Race, Sex, and Reproduction in the Global South

Race, Sex, and Reproduction in the Global South, c.1800-2000

An international workshop at the University of Sydney, 18-19 April 2017, sponsored by Race and Ethnicity on the Global South, an ARC Laureate Research Program, and the Sydney Centre for the Foundations of Science.

Convenors: Warwick Anderson (Sydney); Chiara Beccalossi (Lincoln); Hans Pols (Sydney)


Illustrations of the Negro race, 1849

This medical and scientific knowledge on race and sexuality has moved across countries and continents to become global through processes of translation, hybridisation and transculturation. However, historical accounts of how science and medicine have shaped modern ideas of race and sexuality in a global context quite often refer only to Western countries in the Global North. Recent innovative histories on the Global South have shown that debates on race and reproduction in the southern hemisphere have their own history; they neither uncritically reflect ideas from the Global North nor have they been simply influenced by theories popular in the northern hemisphere. For example, we can find biomedical scientists in the southern hemisphere who showed greater interest in racial plasticity, environmental adaptation, mixing or miscegenation, and blurring of racial boundaries. Likewise sexologists in the Global South were far more interdisciplinary than their northern counterparts and incorporated criminal anthropology, psychiatry, biology, endocrinology and psychoanalysis in their studies until well into the 1970s.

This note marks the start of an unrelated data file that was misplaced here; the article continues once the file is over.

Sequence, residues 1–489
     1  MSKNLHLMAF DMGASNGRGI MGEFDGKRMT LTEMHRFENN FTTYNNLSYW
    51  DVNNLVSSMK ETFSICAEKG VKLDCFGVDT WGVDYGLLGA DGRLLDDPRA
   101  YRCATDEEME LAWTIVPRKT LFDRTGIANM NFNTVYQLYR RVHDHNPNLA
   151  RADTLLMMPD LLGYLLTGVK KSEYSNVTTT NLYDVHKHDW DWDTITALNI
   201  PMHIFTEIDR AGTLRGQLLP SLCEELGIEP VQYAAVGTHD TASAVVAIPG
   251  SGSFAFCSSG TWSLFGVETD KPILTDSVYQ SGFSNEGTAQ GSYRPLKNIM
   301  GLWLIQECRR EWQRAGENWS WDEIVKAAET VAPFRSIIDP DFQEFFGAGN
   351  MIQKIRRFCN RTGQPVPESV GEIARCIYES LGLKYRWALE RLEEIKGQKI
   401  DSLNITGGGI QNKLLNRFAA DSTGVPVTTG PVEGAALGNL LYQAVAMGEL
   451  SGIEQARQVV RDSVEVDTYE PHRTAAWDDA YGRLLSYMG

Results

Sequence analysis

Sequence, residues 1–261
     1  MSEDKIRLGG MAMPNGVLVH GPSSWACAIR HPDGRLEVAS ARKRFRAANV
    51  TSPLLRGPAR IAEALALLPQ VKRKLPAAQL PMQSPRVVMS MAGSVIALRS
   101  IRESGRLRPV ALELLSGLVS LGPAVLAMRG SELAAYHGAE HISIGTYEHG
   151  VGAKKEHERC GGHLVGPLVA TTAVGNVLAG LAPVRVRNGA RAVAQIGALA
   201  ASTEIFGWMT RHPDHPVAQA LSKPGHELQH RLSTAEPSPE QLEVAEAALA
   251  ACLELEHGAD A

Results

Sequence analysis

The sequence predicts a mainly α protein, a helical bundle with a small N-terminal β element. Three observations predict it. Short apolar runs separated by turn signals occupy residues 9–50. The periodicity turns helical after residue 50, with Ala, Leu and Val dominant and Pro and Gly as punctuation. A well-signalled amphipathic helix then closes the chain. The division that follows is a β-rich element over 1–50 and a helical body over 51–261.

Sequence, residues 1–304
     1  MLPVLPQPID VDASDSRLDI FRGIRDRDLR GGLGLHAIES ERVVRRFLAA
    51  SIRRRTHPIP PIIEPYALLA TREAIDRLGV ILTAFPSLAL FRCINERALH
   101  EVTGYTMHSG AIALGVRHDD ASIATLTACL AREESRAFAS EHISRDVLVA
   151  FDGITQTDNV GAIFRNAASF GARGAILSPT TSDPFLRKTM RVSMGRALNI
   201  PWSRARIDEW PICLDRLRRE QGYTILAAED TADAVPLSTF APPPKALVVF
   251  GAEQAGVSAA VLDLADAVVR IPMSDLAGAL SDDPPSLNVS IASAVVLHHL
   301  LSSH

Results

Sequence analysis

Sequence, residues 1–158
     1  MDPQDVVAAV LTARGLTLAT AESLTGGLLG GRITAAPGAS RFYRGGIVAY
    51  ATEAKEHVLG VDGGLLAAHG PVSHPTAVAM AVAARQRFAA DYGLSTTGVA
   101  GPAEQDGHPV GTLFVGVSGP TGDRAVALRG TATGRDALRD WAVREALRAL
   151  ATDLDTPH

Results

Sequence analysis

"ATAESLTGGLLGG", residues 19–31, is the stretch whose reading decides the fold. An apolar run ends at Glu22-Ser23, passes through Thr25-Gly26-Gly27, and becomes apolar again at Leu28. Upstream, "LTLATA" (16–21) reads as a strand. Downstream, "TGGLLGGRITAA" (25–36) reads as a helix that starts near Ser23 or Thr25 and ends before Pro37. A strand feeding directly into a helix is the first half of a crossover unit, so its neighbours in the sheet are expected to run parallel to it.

This workshop aims to explore medical and scientific understandings of race and reproduction in the Global South in the nineteenth and twentieth centuries, and to illustrate how these understandings have influenced government policies.

Image Credit: Wellcome Library, London.
Illustrations of the Negro race. The animal kingdom arranged after its organization. Forming a natural history of animals, and an introduction to comparative anatomy / By the late Baron Georges Cuvier, Tr. and adapted to the present state of science. The Mammalia, birds, and reptiles, by Edward Blyth, the fishes and Radiata, by Robert Mudie, the molluscous animals by George Johnston, M.D., the articulated animals, by J. O. Westwood, F.L.S
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